L. Bartek, I. Strid, K. Henryson, S. Junne, S. Rasi, M. Eriksson (2021). Life cycle assessment of fish oil substitute produced by microalgae using food waste. Sustainable Production and Consumption, vol 27, pp 2002-2021. doi: https://doi.org/10.1016/j.spc.2021.04.033

Spikning av licenciatavhandling

I fredags (19 februari) så spikades avhandlingen “Food waste in the food service sector – Quantities, risk factors and reduction strategies“. Avhandlingen kommer att läggas fram och försvaras den 12 mars.

Avhandlingen undersöker hur stort matsvinnet är i storköks- och restaurangsektorn, vilka risk faktorer som existerar och vad som kan göras för att minska svinnet. Resultaten pekar på att runt 20% av det som serveras slängs, dock med stor variation. En del riskfaktorer som driver på matsvinnet utgörs av vilken typ av infrastruktur som finns tillgänglig, men även ålder på gäster spelar in, vilka är faktorer som kök kan ha svårt att göra något åt. Den största riskfaktorn är dock att kök lagar för mycket mat i förhållande till hur många som dyker upp, något som skulle kunna lösas av närvaroprognoser vilket också avhandlingen berör.

Malefors, Christopher (2021). Food waste in the food service sector - Quantities, risk factors and reduction strategies. Sveriges lantbruksuniv.               
ISBN 978-91-576-9827-8   
eISBN 978-91-576-9828-5     

Överskottsmat – till vilken nytta?

Att ta hand om överskottsmat från butiker och livsmedelsindustrin och donera överskottet till behövande är inte något nytt fenomen globalt, men att göra detta för att minska matsvinnet är tämligen nytt. Som ett resultat av detta så har det på senare tid kommit en rad aktörer som på olika sätt försöker hitta vägar för att ta hand om överskottsmaten till olika kundgrupper via olika distributionssätt. Frågan som kan ställas är vilken nytta som den levererade överskottsmaten ger och för vem? I den nya artikeln “Sustainability Assessment of Food Redistribution Initiatives in Sweden” undersöker vi en rad olika distributionssätt för överskottsmat och vilka sociala, miljömässiga och ekonomiska nyttor dessa skapar. Resultaten visar att använda sig av matkassar till socialt utsatta grupper genererar den största vinsten i termer av att minimera växthusgasutsläpp. Att använda sig av överskottsmat för att producera nya produkter visade sig skapa högst social nytta då det undersökta konceptet skapade flest arbetstillfällen (arbetade timmar per kg distribuerad mat). Problemet som samtliga iniativ har är att få ekonomin att gå ihop, då endast två av de undersökta fallen gick med vinst och inte var direkt beroende av extern finansiering.

Photograph by UNT

Food banks that redistribute surplus food from retailers and the food industry to people in need are not a new concept globally, but their connection to food waste prevention is new. As a result, new types of food redistribution units are emerging and diversifying to find new target groups and distribution methods. The aim of a new study “Sustainability Assessment of Food Redistribution Initiatives in Sweden” was to identify and study surplus food redistribution units in Sweden, and then to assess the impact on several sustainability indicators for selected redistribution units, in order to increase knowledge on the types of values these redistribution concepts generate. The methods used for analyzing the scenarios were Environmental Life Cycle Assessment, Life Cycle Costing and Social Life Cycle Assessment. The results showed that providing food bags to socially exposed people generated the largest reduction of greenhouse gas emissions per kg of redistributed food. Reprocessing surplus food to a high-quality end-product was attributed to a high social value, due to job creation effects in the high number of working hours required per kg of redistributed food. With regard to economic impacts, all but two scenarios studied had monthly financial losses and therefore needed other sources of financial support.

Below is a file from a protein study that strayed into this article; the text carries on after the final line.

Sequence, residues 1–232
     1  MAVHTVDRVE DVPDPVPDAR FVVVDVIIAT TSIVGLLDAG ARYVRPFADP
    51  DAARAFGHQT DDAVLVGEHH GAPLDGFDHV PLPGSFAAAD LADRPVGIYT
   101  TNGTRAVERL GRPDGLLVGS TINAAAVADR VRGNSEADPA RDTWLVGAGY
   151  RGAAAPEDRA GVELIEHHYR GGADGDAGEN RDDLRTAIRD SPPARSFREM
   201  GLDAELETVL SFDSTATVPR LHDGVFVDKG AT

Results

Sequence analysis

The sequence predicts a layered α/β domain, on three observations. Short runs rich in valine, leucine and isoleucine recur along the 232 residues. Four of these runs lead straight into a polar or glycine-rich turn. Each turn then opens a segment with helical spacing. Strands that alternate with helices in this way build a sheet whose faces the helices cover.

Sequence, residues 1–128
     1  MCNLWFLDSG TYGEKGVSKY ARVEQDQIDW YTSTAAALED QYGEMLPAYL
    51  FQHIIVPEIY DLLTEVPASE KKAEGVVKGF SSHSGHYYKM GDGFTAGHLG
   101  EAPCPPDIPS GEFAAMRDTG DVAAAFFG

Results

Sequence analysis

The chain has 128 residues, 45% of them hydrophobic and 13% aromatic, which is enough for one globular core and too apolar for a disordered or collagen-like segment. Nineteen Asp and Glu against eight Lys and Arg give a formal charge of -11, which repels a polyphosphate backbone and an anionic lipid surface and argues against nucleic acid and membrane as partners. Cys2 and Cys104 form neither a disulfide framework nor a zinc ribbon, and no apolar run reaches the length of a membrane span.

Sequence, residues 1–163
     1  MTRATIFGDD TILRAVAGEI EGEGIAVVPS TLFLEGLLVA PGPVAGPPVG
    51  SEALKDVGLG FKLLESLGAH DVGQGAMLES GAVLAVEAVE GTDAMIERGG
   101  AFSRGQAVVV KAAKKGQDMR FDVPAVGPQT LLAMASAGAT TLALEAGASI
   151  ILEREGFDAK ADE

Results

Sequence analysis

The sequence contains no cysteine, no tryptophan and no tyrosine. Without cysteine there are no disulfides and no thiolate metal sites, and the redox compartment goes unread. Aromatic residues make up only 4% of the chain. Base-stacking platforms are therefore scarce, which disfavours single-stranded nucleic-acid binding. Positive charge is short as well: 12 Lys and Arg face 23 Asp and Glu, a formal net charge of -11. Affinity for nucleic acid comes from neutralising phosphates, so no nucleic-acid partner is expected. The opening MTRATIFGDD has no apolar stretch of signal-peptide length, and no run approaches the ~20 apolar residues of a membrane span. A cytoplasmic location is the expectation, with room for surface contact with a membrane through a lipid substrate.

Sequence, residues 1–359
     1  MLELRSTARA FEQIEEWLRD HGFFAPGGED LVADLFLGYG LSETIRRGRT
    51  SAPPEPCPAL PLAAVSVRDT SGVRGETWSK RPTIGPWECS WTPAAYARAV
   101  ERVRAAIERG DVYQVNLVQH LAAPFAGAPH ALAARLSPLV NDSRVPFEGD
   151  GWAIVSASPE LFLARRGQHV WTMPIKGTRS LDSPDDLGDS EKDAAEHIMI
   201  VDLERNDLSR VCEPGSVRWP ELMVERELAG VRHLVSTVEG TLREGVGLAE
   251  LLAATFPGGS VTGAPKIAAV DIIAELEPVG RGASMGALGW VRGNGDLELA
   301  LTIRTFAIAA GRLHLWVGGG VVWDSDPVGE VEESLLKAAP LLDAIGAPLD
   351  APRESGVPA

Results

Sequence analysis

The article has been published open access in MDPI resources:
Bergström, P.; Malefors, C.; Strid, I.; Hanssen, O.J.; Eriksson, M. Sustainability Assessment of Food Redistribution Initiatives in Sweden. Resources 2020, 9, 27. doi.org/10.3390/resources9030027

100 000 ton per year instead of 30 000 – updated data about food waste from Swedish retail stores

The elefant in the room in this new report http://www.naturvardsverket.se/Om-Naturvardsverket/Publikationer/ISBN/8800/978-91-620-8857-6/, was the new data on retail waste – 100000 tons instead of 30000 tons -, which now is based on figures reported directly by the retail chains via the voluntary agreement instead of statistics based on a few stores combined with the number of employees. Expressen, a Swedish tabloid newpaper, made an interview with me and choosed to put focus on how the stores try to hide the food waste data, by not including rejected fruit and vegetables and returned unsold bread and dairy products. From my perspective, this actual behaviour is true, but the incentive is probably not to hide data from the public, but to shuffle the waste to other actors for economical reasons. I also think the newpaper “scope” about this could have been that the Swedish environmental protection agency previously used a method that only catched a third of the actual waste, besides that the now published “actual” waste does not include everything arising at retail level. /Ingrid Strid, food waste researcher at SLU

https://www.expressen.se/nyheter/klimat/sa-doljs-matsvinnet-genom-livsmedelsjattarnas-kryphal/

Oranges in nets are often wasted when one fruit gets bad.

New Food waste course

If you are interested in food waste-related issues, there is an opportunity to learn more this autumn in the new course “Food waste – current situation and future opportunities.” held at SLU in Uppsala. The course starts in August and will revolve around topics covered in the new Routledge Handbook of Food waste that will also act as the course literature. Study visits and project work are also an integral part of the course to disseminate where waste occurs and what strategies need to be in place to tackle this present issue both now and tomorrow.